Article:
Addiction is often affectionately or ominously described as a chronic, relapsing condition – something like a peptic ulcer or arthritis except a bit more dangerous. The problem with this description is that it is both inaccurate and irresponsible and in the hands of any self-serving addict, it simply invites a relapse. “I have a relapsing condition and that is why I have relapsed, in case anyone is looking for an explanation of my relapse.” With this descriptor, relapse just becomes a self-fulfilling prophecy driven by circular logic.
Addiction certainly appears to have the features of a chronic condition in the sense that when activated by a return to substance use, it often returns from its dormant state of remission with the previous ferocity.
It is a question that I have pondered for many years – why someone who has suffered through the nightmare of active addiction , who then may have had the insights and partial resolution of the problem afforded by some intervention like a treatment programme or the 12 step fellowship, followed then by a period enjoying some of the benefits of sobriety and recovery, when this person decides to return to substance use, even just to test the waters – why this person, who is both forewarned and forearmed more than most people, often ends up back in treatment or worse. One would think that such a person, more so than your average mortal, is tuned in to the potential dangers of substance use and therefore any return to substance use would be with caution and vigilance. Yet, the underlying chronicity of impaired control or “powerlessness’ often kicks right back in with vengeance. Unlike a broken leg or flu, which is an acute problem – once it is treated, it is over, the underlying vulnerability of addiction seems to stay with the addict long after the active phase of the condition has passed. That is it’s chronicity.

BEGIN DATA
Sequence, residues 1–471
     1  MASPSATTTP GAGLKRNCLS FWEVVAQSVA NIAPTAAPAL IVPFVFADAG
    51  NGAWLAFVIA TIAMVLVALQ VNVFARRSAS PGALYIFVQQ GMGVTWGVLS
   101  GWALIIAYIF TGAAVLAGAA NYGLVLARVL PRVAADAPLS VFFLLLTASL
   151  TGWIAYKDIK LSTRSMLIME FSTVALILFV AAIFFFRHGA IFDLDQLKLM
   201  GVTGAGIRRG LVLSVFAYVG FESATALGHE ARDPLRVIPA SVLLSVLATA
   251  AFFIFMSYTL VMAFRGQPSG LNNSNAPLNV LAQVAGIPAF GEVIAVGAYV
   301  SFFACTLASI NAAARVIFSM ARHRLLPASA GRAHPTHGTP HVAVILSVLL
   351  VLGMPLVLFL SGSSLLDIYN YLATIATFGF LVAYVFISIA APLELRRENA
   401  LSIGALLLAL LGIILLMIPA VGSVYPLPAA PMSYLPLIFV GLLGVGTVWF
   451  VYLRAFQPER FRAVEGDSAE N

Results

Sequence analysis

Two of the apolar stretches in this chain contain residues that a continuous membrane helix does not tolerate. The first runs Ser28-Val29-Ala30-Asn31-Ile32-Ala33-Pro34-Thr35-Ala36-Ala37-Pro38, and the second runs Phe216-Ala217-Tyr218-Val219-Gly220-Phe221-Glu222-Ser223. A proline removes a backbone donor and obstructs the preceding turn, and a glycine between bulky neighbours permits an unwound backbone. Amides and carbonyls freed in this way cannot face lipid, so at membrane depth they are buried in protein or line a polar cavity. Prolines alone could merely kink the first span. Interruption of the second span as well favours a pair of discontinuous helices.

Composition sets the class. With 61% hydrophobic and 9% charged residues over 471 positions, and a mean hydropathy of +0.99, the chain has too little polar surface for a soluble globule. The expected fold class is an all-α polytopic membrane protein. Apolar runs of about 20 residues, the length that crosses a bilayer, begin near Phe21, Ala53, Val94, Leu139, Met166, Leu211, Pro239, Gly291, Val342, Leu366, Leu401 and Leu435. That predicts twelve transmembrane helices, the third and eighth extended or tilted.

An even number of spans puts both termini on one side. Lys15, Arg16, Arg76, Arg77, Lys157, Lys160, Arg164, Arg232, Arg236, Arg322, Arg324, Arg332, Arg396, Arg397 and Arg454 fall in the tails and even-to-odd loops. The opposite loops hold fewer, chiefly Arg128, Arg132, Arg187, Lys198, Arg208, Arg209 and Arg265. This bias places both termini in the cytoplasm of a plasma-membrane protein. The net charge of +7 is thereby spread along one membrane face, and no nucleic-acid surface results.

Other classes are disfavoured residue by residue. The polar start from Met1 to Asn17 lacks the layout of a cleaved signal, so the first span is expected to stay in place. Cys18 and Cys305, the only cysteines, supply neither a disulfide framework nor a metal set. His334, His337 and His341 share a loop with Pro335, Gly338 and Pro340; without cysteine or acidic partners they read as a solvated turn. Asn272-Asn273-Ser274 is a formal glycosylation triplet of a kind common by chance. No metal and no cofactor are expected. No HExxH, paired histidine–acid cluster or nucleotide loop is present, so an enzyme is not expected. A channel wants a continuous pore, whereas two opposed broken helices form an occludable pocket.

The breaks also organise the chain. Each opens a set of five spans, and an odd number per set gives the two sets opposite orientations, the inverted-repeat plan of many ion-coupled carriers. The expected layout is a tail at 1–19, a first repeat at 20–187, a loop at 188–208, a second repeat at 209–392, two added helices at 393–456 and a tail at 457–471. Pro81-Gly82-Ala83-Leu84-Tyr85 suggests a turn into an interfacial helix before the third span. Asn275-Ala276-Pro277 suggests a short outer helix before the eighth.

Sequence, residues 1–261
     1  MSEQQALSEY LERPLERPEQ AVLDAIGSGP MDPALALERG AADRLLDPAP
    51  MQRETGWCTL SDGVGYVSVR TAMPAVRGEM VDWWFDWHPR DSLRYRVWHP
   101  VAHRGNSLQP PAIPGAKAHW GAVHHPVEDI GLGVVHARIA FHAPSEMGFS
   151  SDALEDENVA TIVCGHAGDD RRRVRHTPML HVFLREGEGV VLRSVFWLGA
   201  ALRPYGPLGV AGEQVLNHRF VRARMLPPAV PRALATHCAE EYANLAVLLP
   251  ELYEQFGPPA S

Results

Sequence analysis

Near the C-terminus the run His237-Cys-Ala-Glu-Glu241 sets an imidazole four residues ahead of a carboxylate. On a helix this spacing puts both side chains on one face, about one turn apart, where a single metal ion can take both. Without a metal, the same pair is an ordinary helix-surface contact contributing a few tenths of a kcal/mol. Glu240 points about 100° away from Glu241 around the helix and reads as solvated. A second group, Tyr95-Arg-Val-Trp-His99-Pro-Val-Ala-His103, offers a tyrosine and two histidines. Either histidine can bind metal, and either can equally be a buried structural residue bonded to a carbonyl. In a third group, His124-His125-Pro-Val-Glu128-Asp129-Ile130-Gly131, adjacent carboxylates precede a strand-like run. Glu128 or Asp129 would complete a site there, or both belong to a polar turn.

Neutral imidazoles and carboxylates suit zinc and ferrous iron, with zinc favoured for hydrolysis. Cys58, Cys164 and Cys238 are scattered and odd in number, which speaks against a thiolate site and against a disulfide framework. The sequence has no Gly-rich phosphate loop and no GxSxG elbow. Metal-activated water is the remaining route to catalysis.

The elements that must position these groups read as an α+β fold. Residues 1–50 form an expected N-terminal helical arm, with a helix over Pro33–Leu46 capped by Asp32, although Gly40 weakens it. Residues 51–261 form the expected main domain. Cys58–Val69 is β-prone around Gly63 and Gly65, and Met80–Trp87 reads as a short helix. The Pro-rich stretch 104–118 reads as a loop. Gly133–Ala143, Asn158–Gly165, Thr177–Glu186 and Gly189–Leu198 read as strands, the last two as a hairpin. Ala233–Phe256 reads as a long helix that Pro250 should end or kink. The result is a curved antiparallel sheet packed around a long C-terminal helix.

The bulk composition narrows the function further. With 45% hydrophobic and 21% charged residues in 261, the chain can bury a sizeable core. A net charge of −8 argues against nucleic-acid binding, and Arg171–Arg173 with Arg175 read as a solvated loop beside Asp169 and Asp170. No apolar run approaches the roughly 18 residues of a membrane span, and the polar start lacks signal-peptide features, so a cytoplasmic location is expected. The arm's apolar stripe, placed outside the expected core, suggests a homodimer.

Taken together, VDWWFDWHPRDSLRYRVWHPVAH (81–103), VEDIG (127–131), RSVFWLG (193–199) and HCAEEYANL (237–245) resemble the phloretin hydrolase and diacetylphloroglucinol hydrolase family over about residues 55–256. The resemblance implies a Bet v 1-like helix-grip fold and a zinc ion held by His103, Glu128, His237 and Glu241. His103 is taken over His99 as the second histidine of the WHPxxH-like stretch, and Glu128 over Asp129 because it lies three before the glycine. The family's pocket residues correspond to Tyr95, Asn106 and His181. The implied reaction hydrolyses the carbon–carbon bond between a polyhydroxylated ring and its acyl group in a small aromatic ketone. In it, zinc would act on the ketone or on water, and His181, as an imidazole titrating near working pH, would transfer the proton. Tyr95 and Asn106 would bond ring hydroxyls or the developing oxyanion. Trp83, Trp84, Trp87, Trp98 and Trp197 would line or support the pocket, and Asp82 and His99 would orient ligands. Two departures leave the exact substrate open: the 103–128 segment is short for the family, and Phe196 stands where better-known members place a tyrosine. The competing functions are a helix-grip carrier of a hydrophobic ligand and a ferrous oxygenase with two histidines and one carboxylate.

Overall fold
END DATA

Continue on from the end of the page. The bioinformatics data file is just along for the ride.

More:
What is a misnomer is the idea that addiction is a relapsing condition. This moniker needs to be abandoned forever. Relapse is always a choice, never an inevitability or a mistake or a chance event. If our patients are to recover and find sustainable recovery, then a relapse has to be framed as a conscious choice and usually followed by adverse consequences driven by the underlying powerlessness. Any other understanding of a relapse does the addict a therapeutic disservice. Responsible addiction treatment always refers to the condition as a chronic problem and some people choose to relapse.
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